An iPad and a well designed survey can change all of that, making the process quicker for the respondent, easier for the field worker to approach people, and making the data much more streamlined for the analyst at the end of the process. There used to be one other positive: people used to love to play with iPads when they were still new, but that advantage has evaporated now the novelty factor has worn off.
The iPad Mini is almost the perfect field device for data collection. The size is right: it's easy to hold and the weight never becomes an issue. Even clothed with Apple's Smart Cover, the easy of carrying never gets old. (P.S., if you are going spending an extended period of time with an iPad outdoors, always use a cover. Outside the familiar confines of home, accidents are a matter of 'if', not 'when'. Trust me, when you trip over uneven pavement and your iPad goes flying, you want a cover on it...)
You might ask why the iPad Mini and not the equally capable Nexus 7 with the supposedly flexible Android operating system. Therein lies the rub: for all of virtues of the Android platform, applications is still not an area where it exceeds iOS. This is the platform that the research contractor used, and I'm sure that a lot of other firms use the same survey software. The other advantage to iOS is the sheer familiarity of the device; you need to train volunteers on how to work with the survey software, but you never have to train them on how to use the iPad because nearly all of them use iPhones. This is a key point in a volunteer environment, as the workers typically come from either the fairly young or the ranks of the retired; you want to use something that everybody understands right off the bat.
The other problem with using an Android device is that the 7" 16:9 form factor is too small for presentation work. The iPad Mini is just large enough for a short presentation, but if you are doing anything involving design or graphic arts, the full sized iPad is the better choice. That would also be true of the 10" Android tablets, but we again run into the issues of user familiarity and software availability.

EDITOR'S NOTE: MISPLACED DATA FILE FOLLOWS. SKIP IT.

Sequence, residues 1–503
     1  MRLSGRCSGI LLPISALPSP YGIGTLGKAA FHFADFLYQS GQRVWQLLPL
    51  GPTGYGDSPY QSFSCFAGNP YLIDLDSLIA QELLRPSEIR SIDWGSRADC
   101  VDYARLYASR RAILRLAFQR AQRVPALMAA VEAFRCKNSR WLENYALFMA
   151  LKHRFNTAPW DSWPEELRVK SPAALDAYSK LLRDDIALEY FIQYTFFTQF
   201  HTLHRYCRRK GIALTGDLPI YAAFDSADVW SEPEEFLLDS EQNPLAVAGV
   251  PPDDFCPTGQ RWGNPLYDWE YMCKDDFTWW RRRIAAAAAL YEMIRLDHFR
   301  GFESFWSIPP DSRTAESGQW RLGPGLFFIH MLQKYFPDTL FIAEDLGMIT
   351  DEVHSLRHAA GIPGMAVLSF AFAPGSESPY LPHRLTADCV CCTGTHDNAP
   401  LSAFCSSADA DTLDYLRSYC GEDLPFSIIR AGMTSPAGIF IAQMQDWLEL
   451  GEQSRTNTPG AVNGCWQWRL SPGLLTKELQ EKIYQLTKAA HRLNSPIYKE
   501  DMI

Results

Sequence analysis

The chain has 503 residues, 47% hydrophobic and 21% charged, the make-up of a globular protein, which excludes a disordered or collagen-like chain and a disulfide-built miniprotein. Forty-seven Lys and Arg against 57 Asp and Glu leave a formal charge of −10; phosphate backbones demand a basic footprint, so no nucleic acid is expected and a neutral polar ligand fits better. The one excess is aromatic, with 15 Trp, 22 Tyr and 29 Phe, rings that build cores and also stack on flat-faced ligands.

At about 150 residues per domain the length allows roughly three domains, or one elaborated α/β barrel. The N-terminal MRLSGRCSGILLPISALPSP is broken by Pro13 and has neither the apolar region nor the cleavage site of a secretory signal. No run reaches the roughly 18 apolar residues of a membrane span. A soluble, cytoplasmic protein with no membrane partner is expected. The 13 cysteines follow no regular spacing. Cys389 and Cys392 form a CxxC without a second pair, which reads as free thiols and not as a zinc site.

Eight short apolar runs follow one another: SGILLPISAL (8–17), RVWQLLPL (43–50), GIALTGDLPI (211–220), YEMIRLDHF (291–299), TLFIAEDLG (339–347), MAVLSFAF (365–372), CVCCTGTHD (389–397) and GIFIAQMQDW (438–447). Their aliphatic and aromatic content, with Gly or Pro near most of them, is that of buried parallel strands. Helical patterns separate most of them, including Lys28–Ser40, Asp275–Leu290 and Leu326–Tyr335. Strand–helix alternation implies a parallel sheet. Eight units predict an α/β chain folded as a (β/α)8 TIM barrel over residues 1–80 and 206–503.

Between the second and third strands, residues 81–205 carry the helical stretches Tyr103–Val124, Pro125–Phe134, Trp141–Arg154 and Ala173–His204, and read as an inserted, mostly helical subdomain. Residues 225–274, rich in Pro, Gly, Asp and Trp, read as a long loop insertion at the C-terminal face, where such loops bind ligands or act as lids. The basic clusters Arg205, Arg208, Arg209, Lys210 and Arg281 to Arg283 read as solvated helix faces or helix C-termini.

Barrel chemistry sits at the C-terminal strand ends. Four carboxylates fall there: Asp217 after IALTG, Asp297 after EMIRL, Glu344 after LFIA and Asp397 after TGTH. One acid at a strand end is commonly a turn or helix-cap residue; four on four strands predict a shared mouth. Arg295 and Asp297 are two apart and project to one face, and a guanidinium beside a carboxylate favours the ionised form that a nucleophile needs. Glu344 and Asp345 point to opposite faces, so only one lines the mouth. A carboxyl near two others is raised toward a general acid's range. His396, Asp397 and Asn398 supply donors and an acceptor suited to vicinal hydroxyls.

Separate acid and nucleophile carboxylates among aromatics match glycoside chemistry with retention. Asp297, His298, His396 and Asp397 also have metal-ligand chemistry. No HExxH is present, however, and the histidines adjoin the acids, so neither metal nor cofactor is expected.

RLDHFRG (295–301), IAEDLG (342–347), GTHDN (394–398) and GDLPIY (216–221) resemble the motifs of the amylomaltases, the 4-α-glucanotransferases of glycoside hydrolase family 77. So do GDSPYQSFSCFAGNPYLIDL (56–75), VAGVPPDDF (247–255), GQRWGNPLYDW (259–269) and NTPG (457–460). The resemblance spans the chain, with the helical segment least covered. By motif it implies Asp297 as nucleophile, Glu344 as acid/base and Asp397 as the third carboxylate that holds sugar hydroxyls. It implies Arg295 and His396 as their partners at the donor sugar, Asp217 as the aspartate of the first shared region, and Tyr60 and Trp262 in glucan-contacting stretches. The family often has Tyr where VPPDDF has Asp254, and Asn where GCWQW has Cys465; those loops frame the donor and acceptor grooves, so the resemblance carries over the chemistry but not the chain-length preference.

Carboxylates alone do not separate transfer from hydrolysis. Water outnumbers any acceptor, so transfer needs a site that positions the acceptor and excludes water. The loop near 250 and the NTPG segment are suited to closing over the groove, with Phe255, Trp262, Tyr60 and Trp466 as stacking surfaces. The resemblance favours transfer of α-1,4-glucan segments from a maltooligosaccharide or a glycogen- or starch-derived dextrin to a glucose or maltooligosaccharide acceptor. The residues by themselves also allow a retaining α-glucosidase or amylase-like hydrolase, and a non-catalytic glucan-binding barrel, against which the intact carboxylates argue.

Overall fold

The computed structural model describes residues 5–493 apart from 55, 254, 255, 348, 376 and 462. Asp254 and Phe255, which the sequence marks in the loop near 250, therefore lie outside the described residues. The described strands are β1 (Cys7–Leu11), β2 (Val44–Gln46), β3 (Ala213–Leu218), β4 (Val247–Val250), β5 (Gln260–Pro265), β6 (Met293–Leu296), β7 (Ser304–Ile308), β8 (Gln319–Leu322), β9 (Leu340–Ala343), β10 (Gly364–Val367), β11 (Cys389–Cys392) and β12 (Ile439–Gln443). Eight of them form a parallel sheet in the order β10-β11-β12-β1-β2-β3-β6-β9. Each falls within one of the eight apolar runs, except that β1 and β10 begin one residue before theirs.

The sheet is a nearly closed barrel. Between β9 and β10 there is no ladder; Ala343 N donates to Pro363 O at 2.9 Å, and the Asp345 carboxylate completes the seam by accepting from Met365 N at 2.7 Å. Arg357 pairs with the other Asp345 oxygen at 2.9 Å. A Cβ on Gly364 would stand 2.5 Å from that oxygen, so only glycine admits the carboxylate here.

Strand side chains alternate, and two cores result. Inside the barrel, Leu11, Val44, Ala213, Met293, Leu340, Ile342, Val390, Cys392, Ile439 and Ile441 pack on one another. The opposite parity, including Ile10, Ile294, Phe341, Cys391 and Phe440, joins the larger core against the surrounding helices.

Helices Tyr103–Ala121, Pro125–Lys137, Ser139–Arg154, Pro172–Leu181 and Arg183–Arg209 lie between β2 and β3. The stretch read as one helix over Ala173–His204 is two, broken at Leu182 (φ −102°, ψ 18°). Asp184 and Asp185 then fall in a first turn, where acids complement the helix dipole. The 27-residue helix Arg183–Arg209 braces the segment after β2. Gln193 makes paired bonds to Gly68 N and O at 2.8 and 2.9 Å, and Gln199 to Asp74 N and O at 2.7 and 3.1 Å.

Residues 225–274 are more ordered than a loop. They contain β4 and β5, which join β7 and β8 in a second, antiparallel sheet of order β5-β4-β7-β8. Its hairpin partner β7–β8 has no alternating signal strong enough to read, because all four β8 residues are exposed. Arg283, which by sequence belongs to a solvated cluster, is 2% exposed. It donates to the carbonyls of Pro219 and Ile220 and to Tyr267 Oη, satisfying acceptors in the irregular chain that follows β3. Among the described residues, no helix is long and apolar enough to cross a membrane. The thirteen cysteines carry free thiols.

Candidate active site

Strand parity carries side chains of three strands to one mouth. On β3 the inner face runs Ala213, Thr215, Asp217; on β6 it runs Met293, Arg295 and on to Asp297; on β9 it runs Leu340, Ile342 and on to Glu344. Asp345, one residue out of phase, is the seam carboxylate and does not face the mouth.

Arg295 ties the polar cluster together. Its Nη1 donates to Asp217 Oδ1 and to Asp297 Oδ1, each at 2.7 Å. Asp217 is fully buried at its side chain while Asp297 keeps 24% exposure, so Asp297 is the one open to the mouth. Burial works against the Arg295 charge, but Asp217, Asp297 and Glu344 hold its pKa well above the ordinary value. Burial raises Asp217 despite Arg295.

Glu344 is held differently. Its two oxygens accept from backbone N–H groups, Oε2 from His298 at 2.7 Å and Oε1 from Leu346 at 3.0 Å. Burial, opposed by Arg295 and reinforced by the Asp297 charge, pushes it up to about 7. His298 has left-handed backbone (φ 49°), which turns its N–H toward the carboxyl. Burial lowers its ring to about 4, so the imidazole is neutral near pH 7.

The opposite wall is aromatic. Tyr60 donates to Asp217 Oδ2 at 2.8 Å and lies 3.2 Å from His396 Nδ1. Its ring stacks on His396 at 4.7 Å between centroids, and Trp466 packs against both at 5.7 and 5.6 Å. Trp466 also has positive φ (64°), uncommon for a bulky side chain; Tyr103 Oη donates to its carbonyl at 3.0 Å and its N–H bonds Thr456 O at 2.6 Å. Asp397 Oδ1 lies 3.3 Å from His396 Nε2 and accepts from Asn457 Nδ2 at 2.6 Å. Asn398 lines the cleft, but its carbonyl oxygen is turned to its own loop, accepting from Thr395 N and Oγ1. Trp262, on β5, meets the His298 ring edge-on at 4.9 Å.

Apple people go on about how the 4:3 screen ratio is better than the 9:16 ratio of Android, and there is no getting around it; it's true. For the layout of text (important if you want to recruit strangers into five minutes of survey taking), there's no getting away from the fact that the iPad's form factor is better. However it's not all roses. While cleanly laid out, my feeling was that the application wasn't quite optimal for the size of the iPad Mini, as it was first programmed on the original iPad. It's not that screen presses are difficult, it's just that they require more deliberate presses when you are moving quickly. When you are going at a leisurely pace, the radio buttons and drop-down menus look perfectly fine, but if you are keying in something quickly, there's a tendency to trip out more than usual. I don't find this to be an issue with the smaller size of the device compared to the original iPad; it's a user interface optimization issue, not a hardware one.
The big question for Summer 2013 is whether or not the next Mini will have a Retina-class screen. For the purposes of doing real work, I would say that that isn't the most pressing issue; a bigger usability issue for me would be to increase the brightness of the screen, as clarity isn't that big of an issue on the iPad Mini's screen despite its low resolution by today's standards. Screen brightness is an important workability issue when you are taking the device outdoors or into brightly-lit conference settings.
Battery life never became an issue for us. Over four hours of continuous use, the devices typically went from full-charge to 40-60%, depending on the user. (Some volunteers were keen to click off the screen if not in use, others kept it on and let the screen time-out on it's own). Longer would be nicer, but it's not a weakness with the device.
I found the 16gb minimum of the first generation iPad Mini to be parsimonious even back when it was launched, and would hope that the second generation would have 32gb as a minimum. As it stands right now, for personal use I find that 16gb for commonly used apps and 16gb for music and video is just about right; not a lot left over in terms of free space, but moving up to a combined 64gb would still be overkill. However, for field work, storage was never an issue, and the availability of Wi-Fi everywhere nowadays means that data can be moved off the device and centralized quickly.
Looking into the future, it will be interesting to see what the next iPad Mini brings. The screen resolution will be a sticking point for sure; since iOS has less wriggle room with different screen resolutions than Android, it's either the current generation or a 2x multiplier for four times the number of pixels, which brings with it a number of technical challenges. However, the current platform works quite well in the usability department, and my hope is that the iOS7 upgrades that have been previewed so far continue with that.